Shailene Woodley, star of "Divergent" and "The Fault in Our Stars," eats clay. Zoë Kravitz once lost 20 pounds eating clay. Juice Generation, the popular purveyor of liquid lunches that's partially owned by Salma Hayek, is introducing a one-ounce bentonite clay shot in September.
Should you, too, eat clay? Well, the New York Times just did a trend piece on it, so probably.
Also, "clay has a long history of medicinal uses," according to Holly Phillips, an internist and medical contributor to CBS News. Phillips adds, however, that despite that storied tradition, those who ingest clay do so at the risk of it "being contaminated with bacteria, viruses and parasites." She notes as well that “concerns have been raised about dangerously high arsenic and lead levels in many of the supplements sold in health food stores and online." (She has no problem, however, with clay toothpaste.)
Kent Sepkowitz, a board-certified physician, also takes issue with eating dirt. Writing for the Daily Beast, he manages to make the celebrity diet trend sound even less appetizing that it already does:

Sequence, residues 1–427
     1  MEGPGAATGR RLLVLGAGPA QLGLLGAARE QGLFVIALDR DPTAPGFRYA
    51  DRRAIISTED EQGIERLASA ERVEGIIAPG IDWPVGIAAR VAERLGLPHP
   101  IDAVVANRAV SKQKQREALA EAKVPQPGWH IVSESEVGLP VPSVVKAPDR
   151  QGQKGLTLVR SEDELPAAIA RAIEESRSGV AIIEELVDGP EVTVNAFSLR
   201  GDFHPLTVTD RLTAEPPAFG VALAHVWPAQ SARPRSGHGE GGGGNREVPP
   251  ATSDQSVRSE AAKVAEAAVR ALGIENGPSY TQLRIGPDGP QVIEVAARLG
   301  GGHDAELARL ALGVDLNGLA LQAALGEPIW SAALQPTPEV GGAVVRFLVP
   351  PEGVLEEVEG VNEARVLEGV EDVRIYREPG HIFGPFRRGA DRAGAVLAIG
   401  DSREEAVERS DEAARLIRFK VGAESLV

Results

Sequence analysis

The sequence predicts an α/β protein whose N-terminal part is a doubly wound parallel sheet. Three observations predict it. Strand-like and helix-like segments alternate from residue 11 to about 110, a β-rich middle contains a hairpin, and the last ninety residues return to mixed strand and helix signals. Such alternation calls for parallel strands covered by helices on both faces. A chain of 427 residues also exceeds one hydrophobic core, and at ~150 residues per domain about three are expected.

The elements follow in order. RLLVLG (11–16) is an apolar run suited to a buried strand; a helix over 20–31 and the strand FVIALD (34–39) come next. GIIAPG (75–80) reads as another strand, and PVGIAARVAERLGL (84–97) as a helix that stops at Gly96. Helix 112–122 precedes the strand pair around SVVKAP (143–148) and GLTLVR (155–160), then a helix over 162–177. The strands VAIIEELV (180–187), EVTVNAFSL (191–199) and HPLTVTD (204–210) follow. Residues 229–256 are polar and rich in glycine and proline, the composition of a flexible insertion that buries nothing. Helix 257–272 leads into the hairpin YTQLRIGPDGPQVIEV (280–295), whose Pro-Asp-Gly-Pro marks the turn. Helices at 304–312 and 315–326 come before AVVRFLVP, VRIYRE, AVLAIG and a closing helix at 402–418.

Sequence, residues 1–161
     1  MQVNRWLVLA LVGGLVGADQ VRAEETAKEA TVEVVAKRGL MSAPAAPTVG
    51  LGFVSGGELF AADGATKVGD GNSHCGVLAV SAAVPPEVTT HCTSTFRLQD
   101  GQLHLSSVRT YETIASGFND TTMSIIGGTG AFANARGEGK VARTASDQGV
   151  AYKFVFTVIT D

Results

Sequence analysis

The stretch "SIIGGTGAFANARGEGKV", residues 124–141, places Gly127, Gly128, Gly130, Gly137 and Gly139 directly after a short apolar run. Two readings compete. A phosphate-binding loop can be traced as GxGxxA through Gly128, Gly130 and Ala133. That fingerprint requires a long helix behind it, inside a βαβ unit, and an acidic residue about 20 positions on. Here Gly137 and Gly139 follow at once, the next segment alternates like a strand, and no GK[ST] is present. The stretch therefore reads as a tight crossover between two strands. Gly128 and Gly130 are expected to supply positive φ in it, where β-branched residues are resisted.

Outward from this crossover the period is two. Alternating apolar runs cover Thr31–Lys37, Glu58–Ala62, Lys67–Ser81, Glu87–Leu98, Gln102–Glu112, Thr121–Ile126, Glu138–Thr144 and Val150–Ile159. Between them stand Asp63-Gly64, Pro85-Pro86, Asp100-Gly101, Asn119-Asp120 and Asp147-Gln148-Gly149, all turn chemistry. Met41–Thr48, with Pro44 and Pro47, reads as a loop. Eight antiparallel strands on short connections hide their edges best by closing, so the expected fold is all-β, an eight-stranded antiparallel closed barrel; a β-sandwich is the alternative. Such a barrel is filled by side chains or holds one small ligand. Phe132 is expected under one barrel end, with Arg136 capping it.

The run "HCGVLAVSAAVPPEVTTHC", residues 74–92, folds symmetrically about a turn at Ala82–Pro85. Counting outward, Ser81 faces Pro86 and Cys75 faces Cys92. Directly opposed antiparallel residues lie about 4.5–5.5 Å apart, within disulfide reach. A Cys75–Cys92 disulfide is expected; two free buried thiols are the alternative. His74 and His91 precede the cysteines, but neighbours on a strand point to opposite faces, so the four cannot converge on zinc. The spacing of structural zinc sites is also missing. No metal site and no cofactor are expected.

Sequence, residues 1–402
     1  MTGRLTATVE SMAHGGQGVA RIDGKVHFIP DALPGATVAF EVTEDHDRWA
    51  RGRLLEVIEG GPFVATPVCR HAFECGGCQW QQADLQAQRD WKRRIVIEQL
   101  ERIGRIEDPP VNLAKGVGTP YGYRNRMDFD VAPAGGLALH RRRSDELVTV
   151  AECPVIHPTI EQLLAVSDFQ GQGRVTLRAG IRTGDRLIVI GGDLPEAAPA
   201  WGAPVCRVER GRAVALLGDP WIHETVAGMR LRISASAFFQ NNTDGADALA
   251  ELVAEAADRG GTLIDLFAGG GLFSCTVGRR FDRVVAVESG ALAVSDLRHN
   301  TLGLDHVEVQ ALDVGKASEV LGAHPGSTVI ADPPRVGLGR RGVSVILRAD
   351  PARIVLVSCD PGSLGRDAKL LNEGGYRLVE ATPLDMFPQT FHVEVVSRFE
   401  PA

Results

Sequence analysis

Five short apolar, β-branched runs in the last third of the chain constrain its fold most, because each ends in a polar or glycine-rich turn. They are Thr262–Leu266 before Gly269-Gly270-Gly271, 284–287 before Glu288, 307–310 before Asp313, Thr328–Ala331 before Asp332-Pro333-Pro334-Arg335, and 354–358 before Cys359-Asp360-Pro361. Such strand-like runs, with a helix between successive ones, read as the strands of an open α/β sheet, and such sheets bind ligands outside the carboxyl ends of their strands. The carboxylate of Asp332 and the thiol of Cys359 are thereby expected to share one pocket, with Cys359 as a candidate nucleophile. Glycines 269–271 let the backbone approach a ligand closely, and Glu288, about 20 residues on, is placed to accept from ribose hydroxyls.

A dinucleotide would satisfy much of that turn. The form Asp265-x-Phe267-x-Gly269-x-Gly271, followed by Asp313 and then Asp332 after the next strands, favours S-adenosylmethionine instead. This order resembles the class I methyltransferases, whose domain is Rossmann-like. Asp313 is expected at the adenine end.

The purported benefits of geophagy, including its ability to somehow take toxins out of the system, strike me as nutty and decidedly untrue, though surely there is some impact on digestion. What needs a bit more consideration is the risk side. Dirt, after all, is dirty, and—be it clay from Attapulgus, Georgia, or the fields of Naryn, Kyrgyzstan, or the Oklahoma hills that Woody Guthrie once sang about—contains the excrement from countless animals who work the territory as they look for non-dirt nourishment.
Is the Times just trolling us? Are celebrities trolling the Times? Are the Haitians who eat mud cakes even when other food is available trolling all of us? All questions to ponder over a $3.95 bottle of mud.
Just be warned: Your shit will smell like metal.